On Monday, the Russian ruble edged up against the dollar, gaining some ground after experiencing its biggest weekly decline since early July due to concerns about how sanctions on oil and gas would affect Russia’s export earnings.
Following an oil embargo and price cap implementation, the ruble lost about 8% last week. It is currently down 12.5% this month. According to the finance ministry, the recent decline was caused by recovering imports.
The ruble was 0.8% stronger against the dollar at 69.67. It strengthened 0.2% against the yuan to 9.91 and was up 2.3% against the Euro at 73.91.
Otkritie Research stated that trading activity would likely be light on Monday due to the ruble’s potential to strengthen during the ongoing month-end tax period when Russian exporters typically convert foreign exchange revenue to pay local liabilities.
Supported by capital controls and lower imports, the ruble has remained one of the top-performing major currencies against the dollar this year. Still, Brazil’s real has supplanted it in the past week.
Brent crude oil, a global benchmark for the country’s primary export, rose 3.7% to $84.0 a barrel. Hence, Russian equities received some support.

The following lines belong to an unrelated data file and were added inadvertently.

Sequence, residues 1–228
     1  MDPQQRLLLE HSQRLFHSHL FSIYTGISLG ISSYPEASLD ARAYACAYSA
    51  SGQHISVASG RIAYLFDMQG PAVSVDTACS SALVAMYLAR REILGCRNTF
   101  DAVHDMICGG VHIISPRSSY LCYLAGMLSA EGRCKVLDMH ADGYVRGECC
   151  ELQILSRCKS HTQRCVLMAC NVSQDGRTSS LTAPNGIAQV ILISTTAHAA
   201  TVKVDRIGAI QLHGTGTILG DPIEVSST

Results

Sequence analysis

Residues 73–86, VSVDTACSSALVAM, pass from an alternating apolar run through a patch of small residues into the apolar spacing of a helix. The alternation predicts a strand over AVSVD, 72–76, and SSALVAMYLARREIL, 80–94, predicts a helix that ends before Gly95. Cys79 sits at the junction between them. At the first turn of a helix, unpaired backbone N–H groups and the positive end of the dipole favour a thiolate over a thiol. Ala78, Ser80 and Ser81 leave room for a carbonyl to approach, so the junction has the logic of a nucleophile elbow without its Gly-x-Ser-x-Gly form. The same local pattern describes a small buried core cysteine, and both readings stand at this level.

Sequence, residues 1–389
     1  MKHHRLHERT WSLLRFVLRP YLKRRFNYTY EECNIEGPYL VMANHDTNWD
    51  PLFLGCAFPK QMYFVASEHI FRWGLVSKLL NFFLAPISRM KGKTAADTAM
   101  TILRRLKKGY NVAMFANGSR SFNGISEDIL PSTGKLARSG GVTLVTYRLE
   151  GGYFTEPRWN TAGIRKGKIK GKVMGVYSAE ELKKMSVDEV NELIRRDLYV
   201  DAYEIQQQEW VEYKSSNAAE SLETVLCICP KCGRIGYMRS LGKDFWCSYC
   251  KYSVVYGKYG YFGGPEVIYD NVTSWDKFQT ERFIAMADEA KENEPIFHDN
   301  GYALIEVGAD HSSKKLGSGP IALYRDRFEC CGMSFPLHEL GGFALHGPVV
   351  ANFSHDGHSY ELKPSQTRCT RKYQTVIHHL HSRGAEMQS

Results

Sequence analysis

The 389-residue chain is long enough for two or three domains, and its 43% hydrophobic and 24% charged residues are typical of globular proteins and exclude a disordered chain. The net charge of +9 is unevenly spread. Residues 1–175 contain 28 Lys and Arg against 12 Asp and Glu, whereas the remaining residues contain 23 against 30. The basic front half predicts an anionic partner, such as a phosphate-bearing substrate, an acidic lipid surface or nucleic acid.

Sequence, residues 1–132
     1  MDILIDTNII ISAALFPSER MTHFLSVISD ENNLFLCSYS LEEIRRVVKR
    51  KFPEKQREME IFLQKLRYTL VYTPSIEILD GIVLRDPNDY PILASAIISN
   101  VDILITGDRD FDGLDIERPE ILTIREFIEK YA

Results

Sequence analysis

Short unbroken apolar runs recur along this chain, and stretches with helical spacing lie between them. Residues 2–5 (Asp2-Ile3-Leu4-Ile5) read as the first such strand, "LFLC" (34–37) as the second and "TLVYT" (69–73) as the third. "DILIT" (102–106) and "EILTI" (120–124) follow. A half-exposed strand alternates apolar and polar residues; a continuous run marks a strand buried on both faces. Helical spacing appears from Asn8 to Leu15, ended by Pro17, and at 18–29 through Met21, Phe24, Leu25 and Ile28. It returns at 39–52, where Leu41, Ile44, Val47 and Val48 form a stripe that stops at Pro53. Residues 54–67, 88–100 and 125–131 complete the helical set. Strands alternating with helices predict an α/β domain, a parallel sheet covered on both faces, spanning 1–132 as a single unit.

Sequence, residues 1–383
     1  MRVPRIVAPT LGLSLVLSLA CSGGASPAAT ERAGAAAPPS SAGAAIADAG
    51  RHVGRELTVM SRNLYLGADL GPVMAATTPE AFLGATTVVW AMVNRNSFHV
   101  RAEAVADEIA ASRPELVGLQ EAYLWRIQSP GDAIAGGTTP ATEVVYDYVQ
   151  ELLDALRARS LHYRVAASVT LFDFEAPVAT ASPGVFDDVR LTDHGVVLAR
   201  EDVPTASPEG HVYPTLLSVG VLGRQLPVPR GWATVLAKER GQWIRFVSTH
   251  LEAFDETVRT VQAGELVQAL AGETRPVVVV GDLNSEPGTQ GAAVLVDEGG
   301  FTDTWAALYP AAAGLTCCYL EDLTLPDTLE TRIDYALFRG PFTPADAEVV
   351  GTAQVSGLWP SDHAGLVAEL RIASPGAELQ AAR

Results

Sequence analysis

End of The Year Market Movements
In the year’s final week, investors will likely rebalance their portfolios, which could cause the market to move up or down.
Shares increased in light post-Christmas holiday trading on Monday in Asia, where many markets did not operate.
The Kospi in Seoul increased by 0.21% to 2,328.54. Moreover, the Nikkei 225 index in Tokyo increased by 0.6% to 26,393.32. The SET in Bangkok increased 0.6%, and the Shanghai Composite index increased 0.51% to 3,061.93. They predicted that the Euro would decline by 10%, hitting a 20-year low of $0.95. The price of one Euro is $1.05.
The European Central Bank (ECB) has provided documentation of the ongoing progress on the development of a digital euro in a second progress report that details design and distribution options recently approved by its governing council.